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The power industry has two main methods for solar-electrical conversions including Concentrated Solar and Photovoltaic. Both types must be considered as we continue to explore renewable options for power production.
Concentrated Solar System
Concentrating Solar Power (CSP) plants use mirrors to direct solar energy creating high temperatures in the heat exchangers. The temperatures are high enough to generate steam, and that steam is used to generate electric energy. The electric energy is produced using a steam turbine similar to that used in most fossil fuel power plants.
The three major types of concentrating solar thermal power plants currently in use in the industry are:
- Solar Power Towers
- Linear Concentrating Systems
- Parabolic Troughs
- Linear Fresnel Reflectors
- Solar Dish/Engine Systems
Photovoltaic solar-electrical conversion is the most common way to convert solar energy to electrical energy. A photovoltaic (PV) cell is commonly referred to as a "solar cell.' An assembly of many PV cells or solar cells is referred to as a "solar panel." Solar panels are used to convert solar energy from the sun into electrical energy.
Photovoltaic systems transfer solar energy directly to electrical energy, unlike the concentrated solar thermal plants that transfer the solar energy to thermal energy, which is then converted to electrical energy.
Concentrated Solar System vs Photovoltaic System
One major drawback of solar energy production is a large amount of land required for power production. Concentrated solar typically takes up more land per megawatt of generation than photovoltaic. On average, concentrated solar power plants occupy 10 acres/MW of generation while photovoltaic farms occupy 8 acres/MW of generation. In comparison, traditional coal-fired and natural gas power plants occupy approximately 0.5 and 0.35 acres per MW of generation, respectively. When land use by solar energy production is compared to that of traditional power production, the 2-acre difference between concentrated solar and photovoltaic seems even more important.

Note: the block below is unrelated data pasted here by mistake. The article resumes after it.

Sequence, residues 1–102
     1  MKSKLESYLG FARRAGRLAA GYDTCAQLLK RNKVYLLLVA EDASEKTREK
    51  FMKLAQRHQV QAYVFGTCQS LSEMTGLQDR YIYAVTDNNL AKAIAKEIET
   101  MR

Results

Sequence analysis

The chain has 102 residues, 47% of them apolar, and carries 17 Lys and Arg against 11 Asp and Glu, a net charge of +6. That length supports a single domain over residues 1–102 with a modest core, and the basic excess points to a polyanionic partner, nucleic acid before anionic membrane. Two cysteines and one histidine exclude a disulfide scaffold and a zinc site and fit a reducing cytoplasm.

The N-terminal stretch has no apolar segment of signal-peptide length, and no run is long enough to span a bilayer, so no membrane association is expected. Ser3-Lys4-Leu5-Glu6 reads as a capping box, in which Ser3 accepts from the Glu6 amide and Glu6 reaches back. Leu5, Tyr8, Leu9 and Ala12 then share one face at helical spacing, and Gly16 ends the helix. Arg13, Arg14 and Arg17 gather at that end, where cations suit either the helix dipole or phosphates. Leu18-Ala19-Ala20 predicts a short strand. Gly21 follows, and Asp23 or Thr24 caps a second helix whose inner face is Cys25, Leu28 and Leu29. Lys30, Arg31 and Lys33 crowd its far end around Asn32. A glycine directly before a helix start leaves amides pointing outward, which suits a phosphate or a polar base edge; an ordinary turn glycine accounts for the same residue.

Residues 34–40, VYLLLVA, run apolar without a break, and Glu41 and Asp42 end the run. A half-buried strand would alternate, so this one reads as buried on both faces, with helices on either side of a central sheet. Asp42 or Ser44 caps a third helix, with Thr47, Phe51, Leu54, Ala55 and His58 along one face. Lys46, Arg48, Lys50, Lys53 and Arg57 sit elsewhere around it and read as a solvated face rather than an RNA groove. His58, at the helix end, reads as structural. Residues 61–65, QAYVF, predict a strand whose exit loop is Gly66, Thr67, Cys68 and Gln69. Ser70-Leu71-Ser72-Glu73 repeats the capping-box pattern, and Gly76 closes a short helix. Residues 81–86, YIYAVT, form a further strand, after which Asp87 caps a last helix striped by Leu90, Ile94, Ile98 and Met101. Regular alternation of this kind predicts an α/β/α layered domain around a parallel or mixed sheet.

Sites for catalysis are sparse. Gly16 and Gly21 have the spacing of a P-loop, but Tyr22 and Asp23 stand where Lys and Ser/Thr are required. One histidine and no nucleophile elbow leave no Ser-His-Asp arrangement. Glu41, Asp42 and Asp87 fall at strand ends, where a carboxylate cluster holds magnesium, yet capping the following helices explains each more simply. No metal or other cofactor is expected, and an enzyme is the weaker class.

Photovoltaic systems can be installed anywhere concentrated solar can be installed. However, areas of the world where concentrated solar power is effective are limited. Commercial concentrated solar thermal power plants are only profitable in areas with extremely high solar irradiance (the flux of radiant energy per unit area), such as geographic locations closer to the equator and/or with consistent drier weather because they must be installed in large scale projects, typically over 20 MW. In contrast, photovoltaic may be scaled way down and installed in residential areas around the world.
As we continue to diversify our power production, we must consider the pros and cons of the different types of generation. In areas with less land to occupy, traditional coal, natural gas, or nuclear power plants are more feasible. In geographical locations with high solar irradiance, dry weather, and few cities (such as deserts), concentrated solar may be the best option. In residential areas, photovoltaic may be the best choice on top of our homes and businesses.
James Wiggins is a Vice President at FCS. After nearly a decade as a US Navy operator and mechanic, He shifted focus to providing operational readiness services and training to energy-producing plants and process facilities. With 15+ years of industry-related experience, he possesses a wealth of knowledge and is passionate about providing value to his customers.
The method of generating electricity using solar energy still has higher power costs compared to traditional generation methods, such as fossil and nuclear power and is difficult to reach grid parity in any power systems.